"After having a bad year last year and not helping the team, we want to get back to the playoffs," Sabathia said. "I think it starts with me."
Sabathia will have the ball in his left hand on Tuesday in Houston, marking his 11th career Opening Day start and his sixth with the Yankees, tying Lefty Gomez and placing Sabathia one short of a club record shared by Whitey Ford, Mel Stottlemyre and Ron Guidry.
He will do so coming off an encouraging finish to his Grapefruit League workload. With four scoreless innings against the Pirates on Thursday, Sabathia lowered his spring ERA to 1.29 in 21 innings. Over his last three starts, Sabathia hurled 16 scoreless frames with seven hits, a walk and 12 strikeouts.
"I've preached it for years -- you go as far as your pitching," Yankees shortstop Derek Jeter said. "CC has been our guy for quite some time. He's a vital part of the pitching staff. We expect him to have a good year."
Trying to wash away the flavor of last year's career-worst 4.78 ERA, the 33-year-old Sabathia said that he was able to work harder this offseason. The results were immediately noticeable; Sabathia said that he reported to camp at 275 pounds, down from 315 a few years ago and back to his old Cleveland Indians weight.
While Cap'n Crunch cereal is no longer banned from Sabathia's diet, he said that he cut carbohydrates and had trainer T.J. Lopez increase the intensity of his workouts. The passing of a cousin, Demetrius Davis, from heart disease at age 45 in December 2012 served as a wakeup call for Sabathia, who wants to be healthier on and off the field.
Yankees manager Joe Girardi has commented that he believes Sabathia looks stronger than last season, and there is truth to that. Sabathia admitted that he was not feeling top-notch when the Yankees broke camp a year ago, and while he was coming back from elbow surgery, he also believes that some of his rapid weight loss contributed.
"I didn't know that the weight loss was going to affect me that much," Sabathia said. "There were just some games that I was short [on energy], just didn't have the stuff. It was frustrating, but I can accept getting beat this year if I do, just because I feel so much better."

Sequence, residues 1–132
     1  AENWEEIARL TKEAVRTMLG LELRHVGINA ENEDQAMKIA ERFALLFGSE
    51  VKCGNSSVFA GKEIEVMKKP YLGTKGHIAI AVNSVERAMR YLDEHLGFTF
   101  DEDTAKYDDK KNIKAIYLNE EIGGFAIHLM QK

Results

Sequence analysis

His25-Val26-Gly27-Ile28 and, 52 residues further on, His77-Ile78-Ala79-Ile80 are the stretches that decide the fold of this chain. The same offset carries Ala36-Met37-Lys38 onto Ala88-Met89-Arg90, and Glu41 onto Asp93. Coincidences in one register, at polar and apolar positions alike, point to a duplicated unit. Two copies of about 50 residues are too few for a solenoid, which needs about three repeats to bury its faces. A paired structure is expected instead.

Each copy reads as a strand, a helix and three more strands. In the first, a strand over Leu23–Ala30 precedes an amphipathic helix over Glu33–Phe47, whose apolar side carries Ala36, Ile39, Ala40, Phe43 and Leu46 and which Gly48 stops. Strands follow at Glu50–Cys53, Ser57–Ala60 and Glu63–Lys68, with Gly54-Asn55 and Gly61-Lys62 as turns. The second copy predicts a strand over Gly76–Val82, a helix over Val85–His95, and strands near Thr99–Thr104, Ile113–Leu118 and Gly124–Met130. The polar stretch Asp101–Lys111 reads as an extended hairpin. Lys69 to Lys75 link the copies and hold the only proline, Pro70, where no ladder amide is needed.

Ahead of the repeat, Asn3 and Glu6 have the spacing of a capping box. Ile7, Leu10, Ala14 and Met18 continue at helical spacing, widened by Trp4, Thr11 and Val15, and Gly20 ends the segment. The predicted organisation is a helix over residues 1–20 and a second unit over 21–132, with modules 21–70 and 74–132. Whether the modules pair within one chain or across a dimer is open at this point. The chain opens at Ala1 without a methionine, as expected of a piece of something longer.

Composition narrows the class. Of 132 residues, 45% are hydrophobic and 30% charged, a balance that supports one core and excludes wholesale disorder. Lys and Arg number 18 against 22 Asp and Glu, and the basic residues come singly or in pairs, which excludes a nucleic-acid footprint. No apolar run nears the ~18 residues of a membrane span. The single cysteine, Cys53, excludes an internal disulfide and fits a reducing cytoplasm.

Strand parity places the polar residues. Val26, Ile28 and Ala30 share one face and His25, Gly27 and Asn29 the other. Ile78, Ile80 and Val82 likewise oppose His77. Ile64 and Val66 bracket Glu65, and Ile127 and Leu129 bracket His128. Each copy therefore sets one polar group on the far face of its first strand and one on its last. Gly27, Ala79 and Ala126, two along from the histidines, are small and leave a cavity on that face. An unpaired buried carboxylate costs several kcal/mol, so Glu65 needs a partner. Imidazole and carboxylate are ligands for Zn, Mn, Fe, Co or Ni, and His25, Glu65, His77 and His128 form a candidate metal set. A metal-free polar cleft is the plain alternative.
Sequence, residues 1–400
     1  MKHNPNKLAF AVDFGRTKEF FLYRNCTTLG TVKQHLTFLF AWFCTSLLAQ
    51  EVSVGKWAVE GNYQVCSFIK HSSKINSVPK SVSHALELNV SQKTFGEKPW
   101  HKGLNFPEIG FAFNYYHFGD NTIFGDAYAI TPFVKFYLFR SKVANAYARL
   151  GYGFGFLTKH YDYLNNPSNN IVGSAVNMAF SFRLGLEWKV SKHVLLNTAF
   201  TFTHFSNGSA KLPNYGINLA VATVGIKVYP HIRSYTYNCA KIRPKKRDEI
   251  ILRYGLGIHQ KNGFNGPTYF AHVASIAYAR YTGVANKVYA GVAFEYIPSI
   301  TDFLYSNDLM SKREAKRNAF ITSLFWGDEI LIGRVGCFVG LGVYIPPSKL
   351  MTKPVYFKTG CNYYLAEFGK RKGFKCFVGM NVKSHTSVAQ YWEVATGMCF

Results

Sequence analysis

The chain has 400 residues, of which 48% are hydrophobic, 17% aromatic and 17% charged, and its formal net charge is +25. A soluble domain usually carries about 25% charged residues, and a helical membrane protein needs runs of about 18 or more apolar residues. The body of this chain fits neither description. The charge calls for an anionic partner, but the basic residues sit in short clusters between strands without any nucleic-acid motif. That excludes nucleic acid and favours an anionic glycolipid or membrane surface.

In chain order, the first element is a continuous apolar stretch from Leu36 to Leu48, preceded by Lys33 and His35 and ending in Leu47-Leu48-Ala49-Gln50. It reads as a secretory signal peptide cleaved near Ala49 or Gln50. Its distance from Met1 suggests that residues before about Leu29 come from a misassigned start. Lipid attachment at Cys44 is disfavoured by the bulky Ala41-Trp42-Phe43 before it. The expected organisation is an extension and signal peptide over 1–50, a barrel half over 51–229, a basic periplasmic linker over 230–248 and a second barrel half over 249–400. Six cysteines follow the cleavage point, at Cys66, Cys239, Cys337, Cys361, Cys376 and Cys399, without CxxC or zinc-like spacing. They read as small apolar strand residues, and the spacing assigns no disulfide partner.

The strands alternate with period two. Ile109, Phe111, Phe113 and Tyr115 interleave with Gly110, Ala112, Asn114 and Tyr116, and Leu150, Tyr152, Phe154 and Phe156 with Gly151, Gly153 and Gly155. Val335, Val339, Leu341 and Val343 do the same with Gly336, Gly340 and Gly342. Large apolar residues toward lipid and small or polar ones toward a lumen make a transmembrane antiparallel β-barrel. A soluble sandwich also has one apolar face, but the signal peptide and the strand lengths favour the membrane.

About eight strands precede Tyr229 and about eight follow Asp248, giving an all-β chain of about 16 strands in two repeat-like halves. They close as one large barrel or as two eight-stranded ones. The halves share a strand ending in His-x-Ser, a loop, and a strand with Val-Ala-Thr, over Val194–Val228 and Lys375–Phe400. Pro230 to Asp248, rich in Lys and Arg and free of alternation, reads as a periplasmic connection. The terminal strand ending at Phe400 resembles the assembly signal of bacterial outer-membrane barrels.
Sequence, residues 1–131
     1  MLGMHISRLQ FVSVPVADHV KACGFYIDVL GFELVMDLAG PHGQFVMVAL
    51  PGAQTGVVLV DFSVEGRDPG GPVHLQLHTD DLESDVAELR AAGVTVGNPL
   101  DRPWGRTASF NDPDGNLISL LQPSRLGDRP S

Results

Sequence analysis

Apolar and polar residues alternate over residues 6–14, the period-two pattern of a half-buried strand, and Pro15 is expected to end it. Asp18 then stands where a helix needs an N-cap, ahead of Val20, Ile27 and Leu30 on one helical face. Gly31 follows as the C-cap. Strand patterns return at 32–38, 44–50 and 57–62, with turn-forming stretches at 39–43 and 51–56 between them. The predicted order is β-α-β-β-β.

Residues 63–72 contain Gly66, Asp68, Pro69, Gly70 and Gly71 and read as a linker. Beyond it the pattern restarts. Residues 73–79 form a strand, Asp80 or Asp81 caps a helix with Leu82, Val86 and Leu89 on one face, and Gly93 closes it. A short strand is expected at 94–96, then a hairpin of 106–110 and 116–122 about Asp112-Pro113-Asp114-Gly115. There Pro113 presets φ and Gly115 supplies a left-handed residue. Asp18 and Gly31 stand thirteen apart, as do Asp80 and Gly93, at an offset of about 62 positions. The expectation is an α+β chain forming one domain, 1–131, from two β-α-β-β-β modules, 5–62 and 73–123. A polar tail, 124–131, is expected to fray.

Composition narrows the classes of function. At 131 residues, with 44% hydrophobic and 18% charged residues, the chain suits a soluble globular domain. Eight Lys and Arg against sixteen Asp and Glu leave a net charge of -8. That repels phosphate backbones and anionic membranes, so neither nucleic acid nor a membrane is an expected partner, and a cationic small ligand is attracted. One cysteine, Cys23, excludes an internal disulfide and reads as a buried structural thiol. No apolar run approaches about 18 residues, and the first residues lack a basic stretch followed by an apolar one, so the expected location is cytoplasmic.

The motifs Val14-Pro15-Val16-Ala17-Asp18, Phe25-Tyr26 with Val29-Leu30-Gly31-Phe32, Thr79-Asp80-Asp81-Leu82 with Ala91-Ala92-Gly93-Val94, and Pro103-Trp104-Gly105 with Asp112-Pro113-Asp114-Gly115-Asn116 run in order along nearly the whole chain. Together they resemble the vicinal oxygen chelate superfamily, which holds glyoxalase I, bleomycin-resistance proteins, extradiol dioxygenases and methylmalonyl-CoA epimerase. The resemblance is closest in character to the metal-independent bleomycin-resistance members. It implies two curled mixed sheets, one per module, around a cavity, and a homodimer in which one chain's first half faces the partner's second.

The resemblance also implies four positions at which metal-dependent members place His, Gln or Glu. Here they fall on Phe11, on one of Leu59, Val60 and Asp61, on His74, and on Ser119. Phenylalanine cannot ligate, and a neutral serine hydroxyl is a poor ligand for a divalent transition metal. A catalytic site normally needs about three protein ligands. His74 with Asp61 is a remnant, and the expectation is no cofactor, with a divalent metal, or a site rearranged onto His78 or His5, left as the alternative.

Sabathia is also in the midst of a transition into a final phase of his career, where he has accepted that his days of high-octane velocity are behind him, citing a big league odometer that is at 2,445 innings and counting. A fastball in the high 80s and the low 90s is going to be the new normal.
"I'm only 33 years old, but it's still my 14th season," Sabathia said. "That's a lot of wear and tear on your arm."
He has tired of talking about the radar gun readings, preferring to discuss his plan to challenge hitters and try to get swings early in the count. It is no coincidence that Sabathia spent a lot of the last 12 months talking with Andy Pettitte, even borrowing a cutter grip from the now-retired-again lefty.
"We talked a lot about this last year. CC's got everything it takes to be successful -- mentally, pitch-stuff-wise," Pettitte said. "When your velocity's not quite there, you've got to rely a little bit more on movement and command, and be able to change speeds and do different pitching. And I think he can do all those things.
"... He's too much of a competitor not to be successful, and he's got a great club around him. He's going to be just fine. The biggest thing for me is I'm trying to get him not to worry about it. Whatever the velocity is, it is. You can't worry about that. You've got to get guys out with what you've got."
Sabathia used this spring to rediscover his changeup, a weapon that the Yankees begged him to use more last season, when he had become slider-happy. Sabathia said that he never had a good feel for the changeup last year, but he threw it often during his winter workouts and has fallen back in love with the pitch.
He is also encouraged by the cutter, which Pettitte showed off a few years ago before continuing to encourage Sabathia to work the pitch in this spring. The cutter remains a fourth option for Sabathia, who does like how it has been pounded into the ground this spring.
"I know velocity can be important when you're making mistakes, but CC was a guy who had velocity that had really good command," Girardi said. "And if his command is there, he's going to have success."
With a contract that extends through 2016, the Yankees have already placed their big bet. Sabathia has something to prove, and his team is hopeful that he can stand tall as the head of a staff that expects its share of wins from Hiroki Kuroda, Ivan Nova, Masahiro Tanaka and Michael Pineda.
"I feel like I set the tone," Sabathia said. "We do have a great pitching staff and our offense has gotten better, but I do put a lot of pressure on myself to go out there and try to lead the staff."